Data and Social Justice

From #BlackLivesMatter to #DalitLivesMatter

Appearing on Twitter/X for the first time in 2014, #DalitLivesMatter (#DLM) is one of the latest chapters in a long history of offline and online cross-fertilisation between Dalit and African American struggles for social justice. What can a digital humanities approach tell us about the productive and counterproductive effects of this association, and by extension about such activist associations in general?

Recent NIAS alumni Manuela Ciotti and Stefania Milan propose to analyse #DLM as a “site” featuring textual and visual narratives that interweave symbols of the Civil Rights and Dalit movements, and episodes of brutal violence against Dalit and African American populations in India and the US, respectively.

Data containing #DLM shows the fleeting and ambiguous digital lives of some of its users and their voices. On the one hand, these voices challenge “data universalism”. On the other hand, data visualization of the use of #DLM reveals that the ways in which the voices in question narrate the politics of death and violence produced along the lines of caste and race in India and the US on Twitter, are all but intuitive.

While such voices appear to largely emanate from South Asia, they privilege racial violence in the US over caste crimes in India. In other words, data visualization shows #DLM to function as an “epiphenomenon” of the Black Lives Matter movement. In this way, the act of being vocal about violence against Dalits and invoking social justice from the Global South might paradoxically further geopolitical and other inequalities, raising fundamental questions on issues of inequality across digital and physical worlds.

About the speakers

Manuela Ciotti is Professor of the Social and Cultural Anthropology of the Global South at the University of Vienna where she leads the research team ‘Sedimented visions’. She is currently a Fellow at the Netherlands Institute for Advanced Study (NIAS). Her research focuses on inequality and the politics of art, materiality and representation across the global south and north. She was recently awarded an ERC Advanced Grant for the project: The anthropology of the future: An art world perspective (ANTHROFUTURE).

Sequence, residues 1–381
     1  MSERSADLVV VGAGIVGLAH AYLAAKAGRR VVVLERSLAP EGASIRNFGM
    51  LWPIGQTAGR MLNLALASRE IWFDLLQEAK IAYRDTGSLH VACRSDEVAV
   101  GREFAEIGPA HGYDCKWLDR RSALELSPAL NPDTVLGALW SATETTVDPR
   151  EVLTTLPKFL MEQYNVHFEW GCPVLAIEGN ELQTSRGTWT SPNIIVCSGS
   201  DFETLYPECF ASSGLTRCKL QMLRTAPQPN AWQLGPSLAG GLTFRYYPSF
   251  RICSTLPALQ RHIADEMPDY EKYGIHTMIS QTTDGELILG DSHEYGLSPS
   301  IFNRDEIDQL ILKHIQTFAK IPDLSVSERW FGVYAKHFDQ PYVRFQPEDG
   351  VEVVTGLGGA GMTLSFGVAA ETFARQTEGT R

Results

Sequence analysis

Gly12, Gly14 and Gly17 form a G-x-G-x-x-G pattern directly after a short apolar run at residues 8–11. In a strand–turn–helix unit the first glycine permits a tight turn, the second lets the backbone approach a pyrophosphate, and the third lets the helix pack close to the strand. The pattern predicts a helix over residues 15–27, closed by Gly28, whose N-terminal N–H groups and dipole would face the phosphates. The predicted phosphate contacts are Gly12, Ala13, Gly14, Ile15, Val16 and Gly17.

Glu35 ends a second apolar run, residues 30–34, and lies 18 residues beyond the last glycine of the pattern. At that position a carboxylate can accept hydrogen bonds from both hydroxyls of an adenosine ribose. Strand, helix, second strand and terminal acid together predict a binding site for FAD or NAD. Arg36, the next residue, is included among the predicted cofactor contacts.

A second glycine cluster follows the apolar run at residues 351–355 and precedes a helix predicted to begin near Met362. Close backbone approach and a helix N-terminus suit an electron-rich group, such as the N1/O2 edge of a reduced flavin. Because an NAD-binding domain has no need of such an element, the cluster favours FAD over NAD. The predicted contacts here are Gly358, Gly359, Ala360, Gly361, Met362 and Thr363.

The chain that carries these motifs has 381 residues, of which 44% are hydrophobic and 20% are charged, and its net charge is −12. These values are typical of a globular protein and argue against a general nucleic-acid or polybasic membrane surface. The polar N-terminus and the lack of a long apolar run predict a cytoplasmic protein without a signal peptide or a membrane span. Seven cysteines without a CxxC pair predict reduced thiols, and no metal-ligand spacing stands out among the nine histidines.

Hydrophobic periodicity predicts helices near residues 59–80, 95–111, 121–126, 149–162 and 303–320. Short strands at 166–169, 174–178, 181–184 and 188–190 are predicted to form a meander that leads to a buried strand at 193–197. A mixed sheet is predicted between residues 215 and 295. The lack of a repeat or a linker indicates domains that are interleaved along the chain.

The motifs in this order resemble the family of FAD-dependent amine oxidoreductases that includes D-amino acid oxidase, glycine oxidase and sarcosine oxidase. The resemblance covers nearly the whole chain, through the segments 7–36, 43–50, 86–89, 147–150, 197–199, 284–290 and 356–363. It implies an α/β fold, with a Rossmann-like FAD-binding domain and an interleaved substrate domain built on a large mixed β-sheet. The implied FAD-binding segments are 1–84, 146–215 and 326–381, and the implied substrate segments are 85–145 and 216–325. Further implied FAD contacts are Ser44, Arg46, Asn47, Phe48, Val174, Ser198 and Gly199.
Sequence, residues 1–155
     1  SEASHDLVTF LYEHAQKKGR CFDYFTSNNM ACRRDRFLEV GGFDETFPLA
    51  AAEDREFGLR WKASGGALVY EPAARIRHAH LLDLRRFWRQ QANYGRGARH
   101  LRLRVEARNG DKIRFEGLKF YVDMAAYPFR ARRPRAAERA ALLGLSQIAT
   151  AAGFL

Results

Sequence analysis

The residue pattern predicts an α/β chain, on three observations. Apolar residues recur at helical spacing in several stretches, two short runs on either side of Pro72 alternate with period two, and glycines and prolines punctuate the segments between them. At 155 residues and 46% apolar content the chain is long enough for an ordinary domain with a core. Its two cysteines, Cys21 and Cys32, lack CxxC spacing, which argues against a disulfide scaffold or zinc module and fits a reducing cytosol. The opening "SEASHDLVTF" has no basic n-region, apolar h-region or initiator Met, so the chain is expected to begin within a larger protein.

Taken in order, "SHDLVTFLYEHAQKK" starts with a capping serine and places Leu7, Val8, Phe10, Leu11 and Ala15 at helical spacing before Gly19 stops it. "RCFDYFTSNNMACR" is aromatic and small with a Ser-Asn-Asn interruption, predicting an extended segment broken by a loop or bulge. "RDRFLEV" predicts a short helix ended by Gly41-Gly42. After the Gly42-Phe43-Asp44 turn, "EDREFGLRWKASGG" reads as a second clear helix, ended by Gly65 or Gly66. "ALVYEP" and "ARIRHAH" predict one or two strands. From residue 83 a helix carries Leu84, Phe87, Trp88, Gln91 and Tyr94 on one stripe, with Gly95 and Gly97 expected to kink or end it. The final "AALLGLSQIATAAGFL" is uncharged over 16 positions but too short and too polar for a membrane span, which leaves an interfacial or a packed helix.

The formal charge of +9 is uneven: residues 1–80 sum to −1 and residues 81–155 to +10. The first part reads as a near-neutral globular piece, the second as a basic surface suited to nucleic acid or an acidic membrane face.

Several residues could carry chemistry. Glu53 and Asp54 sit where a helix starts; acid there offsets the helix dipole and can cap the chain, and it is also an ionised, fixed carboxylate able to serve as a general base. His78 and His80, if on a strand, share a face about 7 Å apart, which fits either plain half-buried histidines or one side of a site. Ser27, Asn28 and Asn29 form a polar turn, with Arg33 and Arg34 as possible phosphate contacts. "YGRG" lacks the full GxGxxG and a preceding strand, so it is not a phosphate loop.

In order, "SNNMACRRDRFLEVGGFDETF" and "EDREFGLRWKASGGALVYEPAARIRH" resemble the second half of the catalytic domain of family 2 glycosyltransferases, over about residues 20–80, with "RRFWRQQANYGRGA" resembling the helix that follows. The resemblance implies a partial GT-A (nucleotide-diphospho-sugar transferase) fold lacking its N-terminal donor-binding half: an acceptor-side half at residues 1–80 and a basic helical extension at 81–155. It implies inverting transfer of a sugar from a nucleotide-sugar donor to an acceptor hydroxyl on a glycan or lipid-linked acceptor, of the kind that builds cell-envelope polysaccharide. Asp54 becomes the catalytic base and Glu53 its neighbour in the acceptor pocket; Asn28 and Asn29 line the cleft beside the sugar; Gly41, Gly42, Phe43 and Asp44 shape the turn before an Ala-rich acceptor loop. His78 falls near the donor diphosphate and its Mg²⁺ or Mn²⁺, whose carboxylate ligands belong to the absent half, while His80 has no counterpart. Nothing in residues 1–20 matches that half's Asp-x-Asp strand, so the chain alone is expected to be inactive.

Stefania Milan is Professor of Critical Data Studies at the University of Amsterdam’s Department of Media Studies, a Faculty Associate at the Berkman Klein Center for Internet & Society, Harvard University and a Fellow at the Netherlands Institute for Advanced Study (NIAS). She works on the interplay between technology and society and the possibilities of self-organization, emancipation, and autonomy that digital infrastructure opens up. She leads the NWO-funded project Citizenship and Standard-Setting in Digital Networks.

Luisa Steur is Associate Professor at the Department of Anthropology of the University of Amsterdam and Lead Editor of Focaal-Journal of Global and Historical Anthropology. Her research focuses on changing forms of political identification and the politicization of inherited inequalities (n.b. of caste and race) in the (post)socialist contexts of Kerala (South India) and Cuba. She contributes regularly to debates in the Anthropology of Labor and Capitalism.

Payal Arora (moderator) is a digital anthropologist, TEDx speaker, and author of award-winning books including The Next Billion Users with Harvard Press. Her areas of expertise include global digital cultures, inequality, cross-cultural AI ethics, and development of inclusive designs. About 150 international media outlets have covered her work including the BBC, The Economist, The Boston Globe, F.A.Z, The Nation and CBC. She is an incoming Professor of Inclusive AI Cultures at Utrecht University, and Co-Founder of FemLab, a feminist future of work initiative.

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